April 16, 2017
by Rev. Richard Gabuzda
Creighton University's Institute Priestly Formation
click here for photo and information about the writer

The Resurrection of the Lord
The Mass of Easter Day
Lectionary: 42

Acts 10:34a, 37-43
Psalms 118:1-2, 16-17, 22-23
Colossians 3:1-4 or
1 Corinthians 5:6b-8
John 20:1-9or Matthew 28:1-10
or Luke 24:13-35

Daily Easter Prayer

Celebrating Easter Home


Weekly Guide for Daily Prayer

An Easter Blessing


Risen with Him

On this Easter day we want to receive the news of Jesus Risen not as an announcement of an event from long ago and far away.  We want to receive this Good News now:  “This, today, is the day the Lord has made!”

St. Paul comes to our help in the passage given for Easter Sunday from the Letter to the Colossians.  In those few brief lines, St. Paul uses the word “with” three times, each use building upon the previous one and leading to an increasing depth of meaning and feeling.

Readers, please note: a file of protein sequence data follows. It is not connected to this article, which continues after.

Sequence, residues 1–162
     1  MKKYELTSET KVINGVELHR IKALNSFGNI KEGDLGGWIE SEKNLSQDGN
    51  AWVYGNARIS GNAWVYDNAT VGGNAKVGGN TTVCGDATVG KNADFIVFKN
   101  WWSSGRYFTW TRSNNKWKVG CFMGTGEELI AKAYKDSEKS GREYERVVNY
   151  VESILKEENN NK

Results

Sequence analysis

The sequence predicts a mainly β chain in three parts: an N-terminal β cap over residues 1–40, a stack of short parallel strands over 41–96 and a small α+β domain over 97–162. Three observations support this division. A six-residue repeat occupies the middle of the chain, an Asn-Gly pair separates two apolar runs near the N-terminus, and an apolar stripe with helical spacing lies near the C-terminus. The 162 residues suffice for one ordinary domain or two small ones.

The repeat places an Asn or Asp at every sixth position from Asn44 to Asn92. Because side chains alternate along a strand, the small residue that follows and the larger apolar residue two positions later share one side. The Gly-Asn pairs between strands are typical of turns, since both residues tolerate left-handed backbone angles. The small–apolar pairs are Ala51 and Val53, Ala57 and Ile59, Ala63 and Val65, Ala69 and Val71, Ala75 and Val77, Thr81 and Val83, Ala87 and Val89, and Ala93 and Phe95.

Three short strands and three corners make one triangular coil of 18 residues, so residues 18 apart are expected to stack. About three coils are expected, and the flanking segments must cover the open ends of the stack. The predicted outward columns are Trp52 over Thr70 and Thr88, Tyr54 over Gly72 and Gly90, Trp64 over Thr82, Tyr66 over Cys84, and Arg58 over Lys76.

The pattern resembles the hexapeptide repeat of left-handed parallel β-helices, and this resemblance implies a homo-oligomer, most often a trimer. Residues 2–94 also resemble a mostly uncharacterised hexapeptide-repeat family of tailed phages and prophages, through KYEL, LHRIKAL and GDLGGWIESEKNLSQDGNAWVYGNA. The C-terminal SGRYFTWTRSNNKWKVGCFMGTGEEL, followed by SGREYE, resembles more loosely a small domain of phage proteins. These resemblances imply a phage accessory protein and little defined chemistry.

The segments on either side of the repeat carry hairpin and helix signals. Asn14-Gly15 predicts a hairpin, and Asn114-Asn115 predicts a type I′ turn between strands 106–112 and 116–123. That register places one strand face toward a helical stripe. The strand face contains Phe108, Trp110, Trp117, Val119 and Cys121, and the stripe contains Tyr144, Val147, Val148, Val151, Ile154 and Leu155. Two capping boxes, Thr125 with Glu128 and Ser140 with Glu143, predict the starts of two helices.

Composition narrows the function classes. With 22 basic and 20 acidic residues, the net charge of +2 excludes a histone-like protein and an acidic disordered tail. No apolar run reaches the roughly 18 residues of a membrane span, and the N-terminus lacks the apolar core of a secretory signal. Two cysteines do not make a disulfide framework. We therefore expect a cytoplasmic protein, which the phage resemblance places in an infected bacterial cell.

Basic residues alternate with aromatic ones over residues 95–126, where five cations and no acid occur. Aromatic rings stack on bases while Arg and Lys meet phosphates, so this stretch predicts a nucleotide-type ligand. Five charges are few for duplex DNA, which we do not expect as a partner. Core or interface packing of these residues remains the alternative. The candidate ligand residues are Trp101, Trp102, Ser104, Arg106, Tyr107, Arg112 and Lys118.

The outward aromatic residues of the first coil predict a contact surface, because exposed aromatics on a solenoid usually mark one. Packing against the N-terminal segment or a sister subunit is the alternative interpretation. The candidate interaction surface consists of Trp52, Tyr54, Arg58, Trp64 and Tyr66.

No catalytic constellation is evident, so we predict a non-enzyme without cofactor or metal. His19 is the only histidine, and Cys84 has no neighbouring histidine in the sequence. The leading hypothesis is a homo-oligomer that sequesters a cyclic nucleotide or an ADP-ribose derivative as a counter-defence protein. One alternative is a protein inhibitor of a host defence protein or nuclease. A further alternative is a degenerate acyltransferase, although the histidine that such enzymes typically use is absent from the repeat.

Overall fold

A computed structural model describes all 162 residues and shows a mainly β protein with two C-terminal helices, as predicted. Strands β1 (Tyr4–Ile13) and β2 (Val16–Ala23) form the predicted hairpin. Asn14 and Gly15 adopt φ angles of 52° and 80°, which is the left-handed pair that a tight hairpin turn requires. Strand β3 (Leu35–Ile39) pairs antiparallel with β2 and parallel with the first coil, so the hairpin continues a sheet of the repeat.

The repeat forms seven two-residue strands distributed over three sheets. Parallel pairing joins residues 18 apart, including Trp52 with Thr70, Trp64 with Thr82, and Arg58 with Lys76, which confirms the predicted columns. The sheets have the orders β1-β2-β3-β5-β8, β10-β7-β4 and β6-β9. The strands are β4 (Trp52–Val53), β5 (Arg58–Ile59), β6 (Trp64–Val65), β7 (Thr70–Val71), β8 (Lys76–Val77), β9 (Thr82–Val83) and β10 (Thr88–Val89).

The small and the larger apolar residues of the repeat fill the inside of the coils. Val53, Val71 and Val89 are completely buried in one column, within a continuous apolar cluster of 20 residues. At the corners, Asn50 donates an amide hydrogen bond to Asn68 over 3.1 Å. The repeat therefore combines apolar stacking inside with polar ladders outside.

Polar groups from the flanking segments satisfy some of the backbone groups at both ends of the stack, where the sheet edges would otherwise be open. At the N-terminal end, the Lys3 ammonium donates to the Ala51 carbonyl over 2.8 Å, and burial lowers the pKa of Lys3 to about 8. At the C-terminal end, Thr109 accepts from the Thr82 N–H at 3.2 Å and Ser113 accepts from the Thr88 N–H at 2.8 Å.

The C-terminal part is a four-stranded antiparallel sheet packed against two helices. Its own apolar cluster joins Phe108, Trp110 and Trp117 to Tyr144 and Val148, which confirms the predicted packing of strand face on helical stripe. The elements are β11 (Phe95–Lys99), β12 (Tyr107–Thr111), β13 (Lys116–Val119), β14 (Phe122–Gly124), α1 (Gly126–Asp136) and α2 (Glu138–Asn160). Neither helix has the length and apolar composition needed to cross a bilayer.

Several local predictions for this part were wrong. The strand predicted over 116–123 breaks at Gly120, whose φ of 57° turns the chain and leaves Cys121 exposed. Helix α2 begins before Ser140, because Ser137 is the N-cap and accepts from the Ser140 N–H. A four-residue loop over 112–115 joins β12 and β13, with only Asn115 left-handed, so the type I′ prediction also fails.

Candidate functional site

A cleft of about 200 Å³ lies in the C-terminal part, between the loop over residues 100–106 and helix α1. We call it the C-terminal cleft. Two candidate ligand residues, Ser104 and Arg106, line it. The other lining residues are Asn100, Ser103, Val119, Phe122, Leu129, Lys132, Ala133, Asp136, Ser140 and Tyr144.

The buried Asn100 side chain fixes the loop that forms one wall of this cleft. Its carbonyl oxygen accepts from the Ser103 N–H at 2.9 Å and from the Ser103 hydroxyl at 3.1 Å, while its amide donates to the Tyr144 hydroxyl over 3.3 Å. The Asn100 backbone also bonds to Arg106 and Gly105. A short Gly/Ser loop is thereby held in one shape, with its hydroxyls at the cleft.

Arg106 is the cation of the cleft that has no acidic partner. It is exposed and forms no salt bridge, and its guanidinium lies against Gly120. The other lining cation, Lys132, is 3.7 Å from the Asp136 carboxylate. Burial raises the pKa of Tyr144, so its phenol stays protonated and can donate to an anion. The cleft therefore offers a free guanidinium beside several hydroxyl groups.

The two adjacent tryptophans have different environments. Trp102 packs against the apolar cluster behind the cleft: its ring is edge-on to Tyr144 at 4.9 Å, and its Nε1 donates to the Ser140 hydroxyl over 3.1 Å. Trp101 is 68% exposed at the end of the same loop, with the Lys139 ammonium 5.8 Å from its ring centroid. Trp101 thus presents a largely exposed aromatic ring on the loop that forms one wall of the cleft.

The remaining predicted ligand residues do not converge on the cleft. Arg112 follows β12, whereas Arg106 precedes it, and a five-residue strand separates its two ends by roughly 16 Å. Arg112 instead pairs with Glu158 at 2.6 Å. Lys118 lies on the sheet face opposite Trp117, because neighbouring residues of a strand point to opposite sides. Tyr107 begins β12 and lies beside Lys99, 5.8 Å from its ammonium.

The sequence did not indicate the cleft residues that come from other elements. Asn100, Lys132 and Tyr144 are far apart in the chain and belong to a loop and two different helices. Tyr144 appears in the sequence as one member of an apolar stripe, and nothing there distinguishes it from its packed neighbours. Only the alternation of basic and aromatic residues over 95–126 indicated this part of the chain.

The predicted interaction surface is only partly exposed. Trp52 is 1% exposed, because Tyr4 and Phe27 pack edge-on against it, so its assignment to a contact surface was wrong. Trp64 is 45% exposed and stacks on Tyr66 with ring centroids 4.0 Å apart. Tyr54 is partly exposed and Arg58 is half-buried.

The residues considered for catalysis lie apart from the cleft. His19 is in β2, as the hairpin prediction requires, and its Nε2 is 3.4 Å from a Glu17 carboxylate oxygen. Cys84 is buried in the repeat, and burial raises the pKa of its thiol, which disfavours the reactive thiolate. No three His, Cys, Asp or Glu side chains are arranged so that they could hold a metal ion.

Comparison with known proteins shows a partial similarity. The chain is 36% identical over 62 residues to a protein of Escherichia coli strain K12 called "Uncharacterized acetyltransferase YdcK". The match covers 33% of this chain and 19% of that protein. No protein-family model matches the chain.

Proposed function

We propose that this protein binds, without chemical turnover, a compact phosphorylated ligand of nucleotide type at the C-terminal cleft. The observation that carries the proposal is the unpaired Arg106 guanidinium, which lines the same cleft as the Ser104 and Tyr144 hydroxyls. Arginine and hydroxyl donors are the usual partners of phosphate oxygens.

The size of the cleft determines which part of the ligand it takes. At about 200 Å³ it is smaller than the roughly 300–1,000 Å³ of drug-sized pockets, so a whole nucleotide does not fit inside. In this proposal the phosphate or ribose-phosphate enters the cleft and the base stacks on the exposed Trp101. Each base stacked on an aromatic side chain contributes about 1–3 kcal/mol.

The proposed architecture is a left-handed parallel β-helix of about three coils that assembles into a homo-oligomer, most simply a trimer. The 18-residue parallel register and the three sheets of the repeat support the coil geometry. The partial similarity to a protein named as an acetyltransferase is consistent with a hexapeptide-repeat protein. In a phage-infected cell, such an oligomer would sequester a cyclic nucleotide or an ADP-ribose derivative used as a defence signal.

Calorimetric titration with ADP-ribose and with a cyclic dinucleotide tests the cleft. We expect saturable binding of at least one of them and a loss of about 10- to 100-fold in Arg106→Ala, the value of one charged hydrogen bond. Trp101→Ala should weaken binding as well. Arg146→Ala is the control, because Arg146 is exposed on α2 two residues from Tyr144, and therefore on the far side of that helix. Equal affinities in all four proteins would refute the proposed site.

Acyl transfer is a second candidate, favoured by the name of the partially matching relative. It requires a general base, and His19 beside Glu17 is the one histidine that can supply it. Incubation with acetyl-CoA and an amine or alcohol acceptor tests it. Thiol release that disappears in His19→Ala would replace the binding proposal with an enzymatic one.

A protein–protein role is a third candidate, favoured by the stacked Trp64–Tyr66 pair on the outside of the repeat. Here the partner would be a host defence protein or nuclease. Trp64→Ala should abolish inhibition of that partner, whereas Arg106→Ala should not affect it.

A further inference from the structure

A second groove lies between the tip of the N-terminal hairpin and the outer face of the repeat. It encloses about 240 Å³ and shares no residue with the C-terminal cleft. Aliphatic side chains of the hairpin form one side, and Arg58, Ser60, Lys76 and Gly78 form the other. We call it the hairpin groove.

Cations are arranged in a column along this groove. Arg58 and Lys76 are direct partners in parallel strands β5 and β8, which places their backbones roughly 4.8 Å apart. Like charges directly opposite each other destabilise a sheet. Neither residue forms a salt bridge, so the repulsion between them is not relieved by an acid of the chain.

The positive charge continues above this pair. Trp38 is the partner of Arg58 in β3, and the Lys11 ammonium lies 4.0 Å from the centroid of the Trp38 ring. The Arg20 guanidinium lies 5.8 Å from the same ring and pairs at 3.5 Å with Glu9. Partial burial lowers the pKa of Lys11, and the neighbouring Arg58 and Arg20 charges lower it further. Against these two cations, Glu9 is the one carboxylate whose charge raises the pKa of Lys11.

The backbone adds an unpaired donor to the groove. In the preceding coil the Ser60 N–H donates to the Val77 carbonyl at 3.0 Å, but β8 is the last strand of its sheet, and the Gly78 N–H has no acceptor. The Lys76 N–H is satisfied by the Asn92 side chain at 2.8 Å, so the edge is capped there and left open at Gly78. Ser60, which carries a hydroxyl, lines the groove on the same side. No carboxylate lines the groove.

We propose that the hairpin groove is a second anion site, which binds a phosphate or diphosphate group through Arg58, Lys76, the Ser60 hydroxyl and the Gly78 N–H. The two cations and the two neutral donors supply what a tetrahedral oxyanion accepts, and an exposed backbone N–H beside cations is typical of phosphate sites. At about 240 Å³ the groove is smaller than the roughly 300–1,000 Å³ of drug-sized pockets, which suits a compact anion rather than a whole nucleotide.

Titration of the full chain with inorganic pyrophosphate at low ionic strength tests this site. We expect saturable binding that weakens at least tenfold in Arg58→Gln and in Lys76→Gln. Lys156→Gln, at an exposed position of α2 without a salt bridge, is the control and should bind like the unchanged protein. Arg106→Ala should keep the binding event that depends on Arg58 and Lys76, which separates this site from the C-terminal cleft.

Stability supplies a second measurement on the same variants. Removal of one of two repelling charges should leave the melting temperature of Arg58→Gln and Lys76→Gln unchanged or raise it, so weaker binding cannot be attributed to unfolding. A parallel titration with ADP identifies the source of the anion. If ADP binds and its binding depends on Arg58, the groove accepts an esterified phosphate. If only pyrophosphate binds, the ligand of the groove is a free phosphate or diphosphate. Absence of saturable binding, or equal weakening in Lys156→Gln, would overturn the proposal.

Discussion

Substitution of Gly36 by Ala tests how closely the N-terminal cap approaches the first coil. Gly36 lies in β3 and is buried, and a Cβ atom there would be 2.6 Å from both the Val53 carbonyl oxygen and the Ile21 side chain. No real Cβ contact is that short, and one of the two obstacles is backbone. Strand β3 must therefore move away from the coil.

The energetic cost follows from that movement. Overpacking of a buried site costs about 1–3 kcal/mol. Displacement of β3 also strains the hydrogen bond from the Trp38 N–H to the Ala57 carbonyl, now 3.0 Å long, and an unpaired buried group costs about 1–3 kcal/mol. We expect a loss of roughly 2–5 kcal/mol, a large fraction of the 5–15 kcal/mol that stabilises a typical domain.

“You were raised with Christ.”  No isolated event from long ago and far away—the resurrection of Jesus in our own flesh and given to us in the grace of baptism assures us that resurrection is ours as well.  Mysteriously, we already share in the resurrection.  What might that mean?

“Your life is hidden with Christ in God.”  Not a vague event in the past or simply the promise of life in a distant future—the resurrection of Jesus means that our life is in and with his life now, invisible to all except to those with the eyes of faith.  Nothing can steal that from us.  It is a “buried treasure” of sorts—life with him, Jesus sharing life with us, day in and day out.  He is risen and is with us!  Where will this lead?

“You too will appear with him in glory.”  Our future life, the life of resurrection, is no mere survival or continuation of life as it is, just “more of the same.”  No, we are promised glory— as St. Paul says in the Letter to the Romans, “I consider that the sufferings of this present time are as nothing compared with the glory to be revealed for us.”  The First Letter of John describes this glory: “We shall be like him for we shall see him as he is.”  And, even more dramatically, the First Letter of Peter declares:  we shall share in “the divine nature.” 

With encouragement from St. Paul, we want to ask for this Easter grace:  Jesus, give me the grace, stir my heart, to know and feel more profoundly that you are with me and I with you today, tomorrow and eternally!

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